This book is Volume II of a two volume series critiquing austerity politics at the Federal level in the United States. It completes the analysis, begun in Volume I, of its fallacies, its closed-mindedness and futility, and especially its reliance on wrong-headed conceptions of fiscal sustainability and fiscal responsibility. Volume I, focused on the role of progressives in “the village” defined by the Washington/New York political, economic, and communications elites, in supporting macroeconomic austerity and the ideological framings governing fiscal debates and negotiations carried out within those frames.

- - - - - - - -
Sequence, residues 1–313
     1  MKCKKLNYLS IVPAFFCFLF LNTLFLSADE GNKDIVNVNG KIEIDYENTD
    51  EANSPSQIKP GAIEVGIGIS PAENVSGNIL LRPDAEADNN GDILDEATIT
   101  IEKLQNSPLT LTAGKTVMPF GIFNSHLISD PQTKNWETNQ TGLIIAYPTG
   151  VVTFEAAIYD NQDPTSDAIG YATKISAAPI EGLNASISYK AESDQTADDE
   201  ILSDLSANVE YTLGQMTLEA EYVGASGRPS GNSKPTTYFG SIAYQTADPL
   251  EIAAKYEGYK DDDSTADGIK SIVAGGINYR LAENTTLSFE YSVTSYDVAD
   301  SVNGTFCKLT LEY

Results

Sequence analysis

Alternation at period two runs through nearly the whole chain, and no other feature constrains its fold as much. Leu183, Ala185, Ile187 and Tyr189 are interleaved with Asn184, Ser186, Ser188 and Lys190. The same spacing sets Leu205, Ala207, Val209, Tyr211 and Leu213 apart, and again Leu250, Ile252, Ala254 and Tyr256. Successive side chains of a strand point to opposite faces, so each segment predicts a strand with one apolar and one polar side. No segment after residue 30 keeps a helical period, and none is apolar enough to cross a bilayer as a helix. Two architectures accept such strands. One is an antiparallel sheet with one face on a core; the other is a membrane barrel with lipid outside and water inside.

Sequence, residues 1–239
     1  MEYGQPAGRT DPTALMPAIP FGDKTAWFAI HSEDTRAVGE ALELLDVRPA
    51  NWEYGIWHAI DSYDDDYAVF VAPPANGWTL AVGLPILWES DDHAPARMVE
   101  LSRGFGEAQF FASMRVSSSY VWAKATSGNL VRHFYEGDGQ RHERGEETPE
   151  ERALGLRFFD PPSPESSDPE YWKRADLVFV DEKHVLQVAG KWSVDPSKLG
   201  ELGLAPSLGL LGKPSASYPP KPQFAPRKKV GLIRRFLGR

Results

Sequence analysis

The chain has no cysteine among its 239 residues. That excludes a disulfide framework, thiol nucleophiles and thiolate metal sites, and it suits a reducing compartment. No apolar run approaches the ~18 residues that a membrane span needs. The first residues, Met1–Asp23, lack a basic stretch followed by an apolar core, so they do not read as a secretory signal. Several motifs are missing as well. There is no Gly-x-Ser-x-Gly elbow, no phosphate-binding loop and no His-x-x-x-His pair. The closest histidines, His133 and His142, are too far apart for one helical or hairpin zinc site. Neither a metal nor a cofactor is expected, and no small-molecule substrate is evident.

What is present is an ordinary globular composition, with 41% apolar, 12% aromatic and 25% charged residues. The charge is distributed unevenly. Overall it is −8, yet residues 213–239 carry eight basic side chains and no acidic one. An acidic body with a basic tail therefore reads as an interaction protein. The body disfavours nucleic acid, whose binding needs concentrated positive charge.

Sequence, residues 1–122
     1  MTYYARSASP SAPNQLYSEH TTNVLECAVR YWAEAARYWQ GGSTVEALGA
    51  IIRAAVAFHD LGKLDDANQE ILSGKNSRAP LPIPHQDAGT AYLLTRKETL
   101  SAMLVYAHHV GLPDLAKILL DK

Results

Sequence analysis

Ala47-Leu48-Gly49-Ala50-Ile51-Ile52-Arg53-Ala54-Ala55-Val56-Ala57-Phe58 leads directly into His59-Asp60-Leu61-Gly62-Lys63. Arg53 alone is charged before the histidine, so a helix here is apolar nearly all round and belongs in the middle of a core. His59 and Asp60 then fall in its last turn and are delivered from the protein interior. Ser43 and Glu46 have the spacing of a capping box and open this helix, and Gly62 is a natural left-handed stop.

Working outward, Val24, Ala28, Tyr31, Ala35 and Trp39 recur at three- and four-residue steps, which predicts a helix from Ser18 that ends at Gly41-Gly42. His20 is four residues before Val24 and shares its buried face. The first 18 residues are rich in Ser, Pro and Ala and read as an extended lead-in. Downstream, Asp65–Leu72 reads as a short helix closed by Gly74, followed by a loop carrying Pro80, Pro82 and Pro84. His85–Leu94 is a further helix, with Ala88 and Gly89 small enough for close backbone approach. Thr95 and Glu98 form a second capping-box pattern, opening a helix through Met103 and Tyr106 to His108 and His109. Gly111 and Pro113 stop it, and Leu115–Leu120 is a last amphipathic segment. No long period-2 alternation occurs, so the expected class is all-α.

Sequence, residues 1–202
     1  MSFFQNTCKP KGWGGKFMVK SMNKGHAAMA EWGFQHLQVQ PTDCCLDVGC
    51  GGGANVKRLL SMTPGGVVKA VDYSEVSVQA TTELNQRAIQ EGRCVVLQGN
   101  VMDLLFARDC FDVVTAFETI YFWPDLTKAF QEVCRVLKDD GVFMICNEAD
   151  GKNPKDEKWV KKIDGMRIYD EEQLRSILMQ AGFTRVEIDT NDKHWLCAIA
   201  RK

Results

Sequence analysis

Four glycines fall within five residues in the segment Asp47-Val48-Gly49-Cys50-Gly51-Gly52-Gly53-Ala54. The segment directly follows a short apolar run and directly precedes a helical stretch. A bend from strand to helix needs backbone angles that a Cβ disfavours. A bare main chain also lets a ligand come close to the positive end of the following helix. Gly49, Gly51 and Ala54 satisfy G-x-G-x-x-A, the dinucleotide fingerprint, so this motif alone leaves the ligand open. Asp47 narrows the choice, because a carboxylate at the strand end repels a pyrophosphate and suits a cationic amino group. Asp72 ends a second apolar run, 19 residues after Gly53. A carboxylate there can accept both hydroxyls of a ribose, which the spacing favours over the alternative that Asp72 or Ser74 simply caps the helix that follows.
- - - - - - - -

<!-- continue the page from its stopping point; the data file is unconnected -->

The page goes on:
In Volume II, the focus is on the primary network at the center of faux fiscal responsibility activity in that same “village.” In turn, the center of that network is the Peter G. Peterson Foundation (PGPF), incorporated in 2007. Vol II continues the analysis by focusing on PGPF activities, especially on its six annual “Fiscal Summits.” It details and provides commentary and analysis of the views of the highly placed people who participated in them (including former President Clinton, Democratic and Republican Congressional leaders, highly visible media news personalities, and financial leaders in government and business), and on how the orientation of the summits has evolved to adjust to changes in the political climate, since the first summit in 2010. The pattern and remarkable bipartisan unity of these views is shown, as is the way they provide a faux fiscal sustainability/fiscal responsibility ideological frame for debates and action in the realm of fiscal policy. Then based on the summits and other important activities of the Foundation, the outlines of the PGPF network are drawn, showing its remarkably broad scope, both in and out of government, and its likely influence in fiscal policy making. After the network is identified and its scope and likely influence indicated, the record of the austerity policies it has advocated for and implemented is reviewed. Its primary claims of effectiveness are shown to be at variance with the facts, and to have no basis other than the intuitions and faith of their partisans. In addition, the austerity policies rationalized in terms of fiscal sustainability/ responsibility are seen to have not only failed to perform as advertised, but to have also produced the opposite of their promised outcomes, including economic stagnation which has exacerbated economic inequality. Vol. II then offers an alternative narrative about real fiscal responsibility based on Modern Money Theory (MMT). The counter-narrative is stated from both critical and positive perspectives, and ends with an analysis of real fiscal responsibility and its relation to public purpose. That analysis is then used in a succeeding chapter to address the problem of inequality and to relate it to the extremely important work of Thomas Piketty. Finally, the new counter-narrative is used again to show that a commitment to real fiscal responsibility also entails one to a comprehensive agenda of fiscal policy, making full use of the expanded policy space provided by that commitment. That agenda is one that reclaims the future of American Democracy and the heritage of the New Deal, the Fair Deal, and the Great Society. It is one that combines them all in a Green New Deal that will secure and extend US democracy in all its dimensions, and also FDR’s unfinished business; his Economic Bill of Rights.